How safe is the film industry?

In a month that has seen a Disney subsidiary company prosecuted for alleged safety lapses on the set of Star Wars, we take a look at whether changes need to be made in the production industry.

In a month that has seen a Disney subsidiary company prosecuted for alleged safety lapses on the set of Star Wars, we take a look at whether changes need to be made in the production industry.

Harrison Ford broke his leg in June 2014 when a hydraulic door on the Pinewood Studios set of Star Wars: The Force Awakens collapsed onto him.

How safe is the film industry?

Filming was shut down for two weeks and the actor recovered, but 18 months later Disney subsidiary Foodles Production Ltd was prosecuted by the UK’s Health and Safety Executive.

Filmmaking can be a notoriously risky enterprise, although a movie’s preparedness for accidents and injury generally increases as the budget climbs. Insurance companies are involved from the beginning and high-profile action movies normally hire industry-leading teams to organise stunts and other kinds of dangerous production.

Set-building involves creating an aesthetic that can be quite literally tailor-made to suit the needs of the filmmakers, while also ensuring the highest standards of safety to protect the cast and crew. This takes considerable skill, especially when a set may be specifically designed to create a landscape that in fact poses a threat to the story’s characters.

Technology can help minimise risks to the cast and crew. Filmmaker James Cameron used pioneering visual effects to create a digital alien world for Avatar (pictured above) that incorporated stunning heights and flight sequences.

How safe is the film industry?

Often the biggest risks to the cast and crew were tripping over the basic foam set that was built as a physical reference point for the actors to be built upon by the post-production team.

Drone technology too is in the process of revolutionising the way filmmakers approach aerial filming. Sending cast and crew into the air in helicopters and planes is an inherently dangerous task and periodically there are fatal crashes, not to mention the insurance costs. Unmanned drones remove this risk factor but their flight time is of yet still extremely limited and weather-dependent.

Star Wars: The Force Awakens (pictured) famously saw the franchise return to the physical effects of the original trilogy. Showy computer effects have fallen out of favour among many directors, but as the demand increases for bigger sets and physical locations, the risk is elevated from a health and safety perspective.

The industry faces a persistent challenge to avoid cutting corners and taking short cuts with on-set safety in the face of constant time pressures. However, the studios may also be swayed by brutal economics. It’s more cost-effective to ensure a set is safe than it is to weather the expense of a law suit after an accident.

Avatar image: WETA/Twentieth Century Fox

Star Wars The Force Awakens image: Lucasfilm

How safe is the film industry?

In a month that has seen a Disney subsidiary company prosecuted for alleged safety lapses on the set of Star Wars, we take a look at whether changes need to be made in the production industry.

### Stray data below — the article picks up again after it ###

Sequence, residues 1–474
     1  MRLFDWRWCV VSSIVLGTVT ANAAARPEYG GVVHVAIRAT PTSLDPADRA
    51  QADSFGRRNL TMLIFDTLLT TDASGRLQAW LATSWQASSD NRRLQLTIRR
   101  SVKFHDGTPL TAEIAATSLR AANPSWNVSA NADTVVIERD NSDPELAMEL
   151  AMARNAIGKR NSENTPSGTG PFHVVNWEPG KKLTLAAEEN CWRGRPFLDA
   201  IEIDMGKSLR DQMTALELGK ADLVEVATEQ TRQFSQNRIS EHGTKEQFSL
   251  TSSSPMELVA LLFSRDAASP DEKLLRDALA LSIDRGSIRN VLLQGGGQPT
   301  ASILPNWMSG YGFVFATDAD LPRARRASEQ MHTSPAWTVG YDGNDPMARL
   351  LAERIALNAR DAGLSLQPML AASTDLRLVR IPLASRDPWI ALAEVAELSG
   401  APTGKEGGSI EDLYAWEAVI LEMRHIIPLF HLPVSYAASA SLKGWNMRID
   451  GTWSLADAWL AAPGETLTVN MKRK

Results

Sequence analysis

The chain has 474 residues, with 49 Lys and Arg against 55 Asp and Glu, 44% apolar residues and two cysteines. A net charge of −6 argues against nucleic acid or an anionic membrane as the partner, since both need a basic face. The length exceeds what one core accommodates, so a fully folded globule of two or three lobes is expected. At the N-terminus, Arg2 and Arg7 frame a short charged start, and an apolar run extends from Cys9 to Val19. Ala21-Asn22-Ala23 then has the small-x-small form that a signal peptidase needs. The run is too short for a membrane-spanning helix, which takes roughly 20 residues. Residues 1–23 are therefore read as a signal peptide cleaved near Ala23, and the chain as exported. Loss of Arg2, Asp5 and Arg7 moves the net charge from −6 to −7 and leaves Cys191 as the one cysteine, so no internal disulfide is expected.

Harrison Ford broke his leg in June 2014 when a hydraulic door on the Pinewood Studios set of Star Wars: The Force Awakens collapsed onto him.

Filming was shut down for two weeks and the actor recovered, but 18 months later Disney subsidiary Foodles Production Ltd was prosecuted by the UK’s Health and Safety Executive.

Filmmaking can be a notoriously risky enterprise, although a movie’s preparedness for accidents and injury generally increases as the budget climbs. Insurance companies are involved from the beginning and high-profile action movies normally hire industry-leading teams to organise stunts and other kinds of dangerous production.

Set-building involves creating an aesthetic that can be quite literally tailor-made to suit the needs of the filmmakers, while also ensuring the highest standards of safety to protect the cast and crew. This takes considerable skill, especially when a set may be specifically designed to create a landscape that in fact poses a threat to the story’s characters.

Technology can help minimise risks to the cast and crew. Filmmaker James Cameron used pioneering visual effects to create a digital alien world for Avatar (pictured above) that incorporated stunning heights and flight sequences.

How safe is the film industry?

Often the biggest risks to the cast and crew were tripping over the basic foam set that was built as a physical reference point for the actors to be built upon by the post-production team.

Drone technology too is in the process of revolutionising the way filmmakers approach aerial filming. Sending cast and crew into the air in helicopters and planes is an inherently dangerous task and periodically there are fatal crashes, not to mention the insurance costs. Unmanned drones remove this risk factor but their flight time is of yet still extremely limited and weather-dependent.

Star Wars: The Force Awakens (pictured) famously saw the franchise return to the physical effects of the original trilogy. Showy computer effects have fallen out of favour among many directors, but as the demand increases for bigger sets and physical locations, the risk is elevated from a health and safety perspective.

The industry faces a persistent challenge to avoid cutting corners and taking short cuts with on-set safety in the face of constant time pressures. However, the studios may also be swayed by brutal economics. It’s more cost-effective to ensure a set is safe than it is to weather the expense of a law suit after an accident.

Avatar image: WETA/Twentieth Century Fox

Star Wars The Force Awakens image: Lucasfilm

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